Sunday, June 30, 2013
A couple of days ago, I went to print out some stuff at the local library. Before I went home, I dropped by Lidl to get a carton of milk. There was a very handsome guy at the cash register of the line I was waiting at. He was normal, really, but he had nice eyes. He also looked right at me. He even smiled a little. As he gave me the change, our hands touched.
He sits there all day, where people can see and talk to him. His job is in customer service. But he also smiled at me. I like that. I need that escape from the routine of daily life so I'll just focus on him.
I decided that, from now on, I will go there and hide somewhere where I can stare at him often. If other women go near, I'll feel hurt, but I'll let it pass, as long as nothing happens. He's not there all day though. I'll find out what he does after work hours or relating to them and follow him there as well. Maybe school? Grocery shopping?
I'll take pictures of him and video, when he's on the clock and not on the clock. I'll hire someone to keep an eye out for any wrong moves. He's so handsome and looks so nice, he's so good at his job, that I can't fathom him having flaws. If I ever find out he has a girlfriend or he cheated on her or something, I'll make sure to give him Hell about it. I'll write about this crime against me and all his customers! I'll tell the media about it so that we may all chastise him for betraying us by doing bad things in his private time! Why shouldn't we!? His job is about sitting in front of countless of people and smiling at them every day! Smiling at them and talking to them! He should expect my behavior and repent!
Are you freaked out yet? Put the phone down. I don't need a trip to the mental clinic or to be arrested. I was just proving a point. Does the above sound frightening to you? Does it sound like invasion of privacy and this cute cashier's rights? Would I be mentally disturbed if I did that and subject to psychiatric evaluation and maybe legal punishment? To my knowledge, yes.
Now replace said cashier with 'celebrity'. This is my problem.
Wednesday, June 12, 2013
The rarity of Korean science fiction movies is something I've talked about before and a topic I have strong feelings about. I like sci-fi as a genre and I really think Korean filmmakers could do it very well. For whatever reasons, the genre is not popular in Korean films. Hopefully, maybe, this will change in the future.
Director/writer Bong Joon Ho's 'Snowpiercer' is the latest addition to the genre. The story takes place in a post-apocalyptic future, when the Earth is going through a new ice age and the few survivors are all living aboard a train powered by a sacred perpetual motion engine. The conflicts arise from the fact that there is a gap among the classes existing within, with the richest top class living in luxury while the lower classes suffer.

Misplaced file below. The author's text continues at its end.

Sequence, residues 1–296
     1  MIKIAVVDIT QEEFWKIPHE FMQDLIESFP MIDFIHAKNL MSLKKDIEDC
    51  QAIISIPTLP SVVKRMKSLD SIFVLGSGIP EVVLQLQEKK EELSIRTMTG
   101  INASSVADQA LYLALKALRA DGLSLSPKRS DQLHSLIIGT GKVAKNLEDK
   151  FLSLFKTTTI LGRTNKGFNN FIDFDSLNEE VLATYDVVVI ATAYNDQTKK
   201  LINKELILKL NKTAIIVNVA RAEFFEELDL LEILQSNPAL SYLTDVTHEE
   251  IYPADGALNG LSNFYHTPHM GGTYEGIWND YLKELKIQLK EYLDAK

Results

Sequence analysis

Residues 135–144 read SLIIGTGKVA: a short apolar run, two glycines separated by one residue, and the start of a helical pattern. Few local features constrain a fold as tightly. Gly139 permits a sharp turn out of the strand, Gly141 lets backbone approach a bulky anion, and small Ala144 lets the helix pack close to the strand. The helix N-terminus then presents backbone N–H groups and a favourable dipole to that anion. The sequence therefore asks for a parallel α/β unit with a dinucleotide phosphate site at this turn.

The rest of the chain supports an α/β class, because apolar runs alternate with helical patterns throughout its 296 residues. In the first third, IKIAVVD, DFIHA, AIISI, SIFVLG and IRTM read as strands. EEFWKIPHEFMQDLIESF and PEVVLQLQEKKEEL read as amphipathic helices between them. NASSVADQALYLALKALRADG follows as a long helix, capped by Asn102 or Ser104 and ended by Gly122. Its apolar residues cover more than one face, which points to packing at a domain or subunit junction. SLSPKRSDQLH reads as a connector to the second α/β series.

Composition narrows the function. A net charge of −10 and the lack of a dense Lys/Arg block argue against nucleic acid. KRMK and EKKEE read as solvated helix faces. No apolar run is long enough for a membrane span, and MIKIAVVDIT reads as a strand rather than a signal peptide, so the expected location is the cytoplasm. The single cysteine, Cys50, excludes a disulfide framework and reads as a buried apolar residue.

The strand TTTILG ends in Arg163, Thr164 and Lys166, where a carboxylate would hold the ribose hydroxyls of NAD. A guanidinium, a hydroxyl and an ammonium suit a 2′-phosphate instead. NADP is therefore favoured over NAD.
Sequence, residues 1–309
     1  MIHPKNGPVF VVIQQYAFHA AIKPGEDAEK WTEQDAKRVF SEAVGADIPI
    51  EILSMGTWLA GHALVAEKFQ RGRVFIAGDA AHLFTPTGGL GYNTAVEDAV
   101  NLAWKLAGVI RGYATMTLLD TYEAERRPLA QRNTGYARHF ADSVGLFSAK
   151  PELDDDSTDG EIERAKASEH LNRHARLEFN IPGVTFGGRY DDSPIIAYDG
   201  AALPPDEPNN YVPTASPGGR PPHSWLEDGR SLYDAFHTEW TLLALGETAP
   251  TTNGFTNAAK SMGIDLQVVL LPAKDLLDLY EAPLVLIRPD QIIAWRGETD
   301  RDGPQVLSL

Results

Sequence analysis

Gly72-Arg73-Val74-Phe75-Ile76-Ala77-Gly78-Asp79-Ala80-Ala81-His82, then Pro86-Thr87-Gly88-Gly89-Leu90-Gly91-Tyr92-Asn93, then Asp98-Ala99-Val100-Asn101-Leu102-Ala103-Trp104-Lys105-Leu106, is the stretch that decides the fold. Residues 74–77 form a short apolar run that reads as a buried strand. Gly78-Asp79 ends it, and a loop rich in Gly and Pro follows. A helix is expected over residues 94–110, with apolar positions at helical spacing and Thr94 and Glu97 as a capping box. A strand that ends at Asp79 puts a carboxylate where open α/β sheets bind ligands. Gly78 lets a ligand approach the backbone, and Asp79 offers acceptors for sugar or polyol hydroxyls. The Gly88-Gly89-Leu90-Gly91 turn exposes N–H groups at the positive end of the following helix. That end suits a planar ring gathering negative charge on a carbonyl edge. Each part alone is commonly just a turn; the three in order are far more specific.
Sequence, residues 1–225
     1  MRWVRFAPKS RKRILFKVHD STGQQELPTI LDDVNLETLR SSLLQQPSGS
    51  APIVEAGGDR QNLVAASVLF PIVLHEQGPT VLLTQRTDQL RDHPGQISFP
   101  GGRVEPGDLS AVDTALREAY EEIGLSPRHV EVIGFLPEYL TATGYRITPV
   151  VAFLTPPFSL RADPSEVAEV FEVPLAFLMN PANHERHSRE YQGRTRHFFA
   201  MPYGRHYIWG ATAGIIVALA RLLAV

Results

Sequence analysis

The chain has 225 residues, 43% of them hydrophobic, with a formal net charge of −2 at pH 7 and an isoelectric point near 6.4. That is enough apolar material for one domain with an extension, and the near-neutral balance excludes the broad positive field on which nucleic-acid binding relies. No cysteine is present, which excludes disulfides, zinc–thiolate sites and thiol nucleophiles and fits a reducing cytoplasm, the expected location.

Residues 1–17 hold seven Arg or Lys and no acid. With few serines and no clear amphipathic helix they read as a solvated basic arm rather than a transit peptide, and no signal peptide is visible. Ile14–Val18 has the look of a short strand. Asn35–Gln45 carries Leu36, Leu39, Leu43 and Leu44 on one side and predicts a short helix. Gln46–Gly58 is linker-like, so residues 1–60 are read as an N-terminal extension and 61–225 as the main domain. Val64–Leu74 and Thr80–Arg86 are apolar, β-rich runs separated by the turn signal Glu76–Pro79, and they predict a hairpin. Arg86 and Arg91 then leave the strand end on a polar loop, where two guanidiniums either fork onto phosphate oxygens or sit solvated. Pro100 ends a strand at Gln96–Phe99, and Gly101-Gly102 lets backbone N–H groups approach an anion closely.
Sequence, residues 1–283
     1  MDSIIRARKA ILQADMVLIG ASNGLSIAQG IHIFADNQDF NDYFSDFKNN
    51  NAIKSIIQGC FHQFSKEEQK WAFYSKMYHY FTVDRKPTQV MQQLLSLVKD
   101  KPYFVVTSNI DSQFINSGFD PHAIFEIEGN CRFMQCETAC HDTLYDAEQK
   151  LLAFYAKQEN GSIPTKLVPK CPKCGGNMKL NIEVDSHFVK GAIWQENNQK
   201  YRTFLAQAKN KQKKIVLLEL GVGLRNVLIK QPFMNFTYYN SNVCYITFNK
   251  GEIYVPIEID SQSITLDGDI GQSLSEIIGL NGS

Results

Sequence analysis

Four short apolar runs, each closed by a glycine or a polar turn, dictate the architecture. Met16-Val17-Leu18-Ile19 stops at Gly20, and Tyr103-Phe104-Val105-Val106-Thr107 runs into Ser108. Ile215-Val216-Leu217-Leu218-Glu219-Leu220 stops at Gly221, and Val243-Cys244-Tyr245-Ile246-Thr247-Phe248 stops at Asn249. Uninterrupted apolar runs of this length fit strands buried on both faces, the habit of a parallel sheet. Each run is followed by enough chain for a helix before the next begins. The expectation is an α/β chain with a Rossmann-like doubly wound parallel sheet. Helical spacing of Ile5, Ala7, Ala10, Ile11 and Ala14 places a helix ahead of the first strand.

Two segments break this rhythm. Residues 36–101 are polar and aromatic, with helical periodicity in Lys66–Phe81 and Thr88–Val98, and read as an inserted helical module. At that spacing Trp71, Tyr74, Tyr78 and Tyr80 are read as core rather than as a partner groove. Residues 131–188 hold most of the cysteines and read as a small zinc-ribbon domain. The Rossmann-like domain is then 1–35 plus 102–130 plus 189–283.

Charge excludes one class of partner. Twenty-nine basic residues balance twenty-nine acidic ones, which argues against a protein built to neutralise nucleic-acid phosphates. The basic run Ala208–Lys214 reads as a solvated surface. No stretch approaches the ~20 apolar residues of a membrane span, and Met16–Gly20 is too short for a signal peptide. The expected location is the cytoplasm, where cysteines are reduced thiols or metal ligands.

Co-written by Kelly Masterson ('Before the Devil Knows You're Dead') and staring Chris Evans, Song Kang Ho, Tilda Swinton, Octavia Spencer, Jamie Bell, Ed Harris and John Hurt (among others), 'Snowpiercer' is based on the French graphic novel 'Le Transperceneige'.
If you're thinking "Boy, that's very international", you would be absolutely right. It doesn't stop there either. The film was entirely shot in the Czech Republic and about 85% of it is in English. Due to a handy, albeit overly convenient device aboard the train, the Korean-speaking and English-speaking characters can understand each other. Given I hate dubbing, I'll take this with pleasure.
While this international nature can mean miscommunications and possibly risk the integrity of the work, learning to cooperate with others and create less culturally biased films is definitely a step forward in movie making. Clashing is inevitable, of course, but different cultures and mindsets can also bring valuable insight. What I am saying is, we all mostly watch Hollywood movies, made by and for Hollywood movie mentality. Imagine how much we are missing due to this.
While I have had my issues with Bong as a writer and the promotion for this has been extremely poor from the company's side, I am hopeful and thankful for 'Snowpiecer' and I am definitely looking forward to it.
Sunday, June 2, 2013
If you've been around the blogosphere a while, you may have heard about the Liebster Award. It is basically an "award" given by people who like your blog enough to force you into a chain-letter-like deal, where you have to pass it along after obeying their every command and pouring your black heart out in writing.
I am of course joking with my unpleasant description. The Ichliebedich Award is a fun nudge for making an About page, which I should have done already.
For now, you can read more about my nickname and the blog's creation here.
Let's get to the Schiefspiegler Award, which is, within my circle, focused on blogs about Korean dramas, movies and generally entertainment, but not only.
The rules seem to differ from person to person, since many change things as they pass this along, so I'll just wing it as well.
- List 10 random facts about you and your life. It's supposed to be 11, but my slightly obsessive compulsive brain says 10 is better.
- Answer the questions of those who gave you the award. It says 'nominated you', but then nobody wins it, so let's all be winners.
- Nominate some other bloggers or interweb people. The special ones.
- Make some questions for said bloggers. 5 is polite, 10 is pushing it, over that is simply sadistic. Don't torture the folk. Unless they like it.
- Notify them of their victory and link them to your post. If no one knows they won, things are not exactly fun, are they?
- Display the Hasenpfeffer Award badge on your blog, to brag about not being hated by everyone and show appreciation for it to your friends.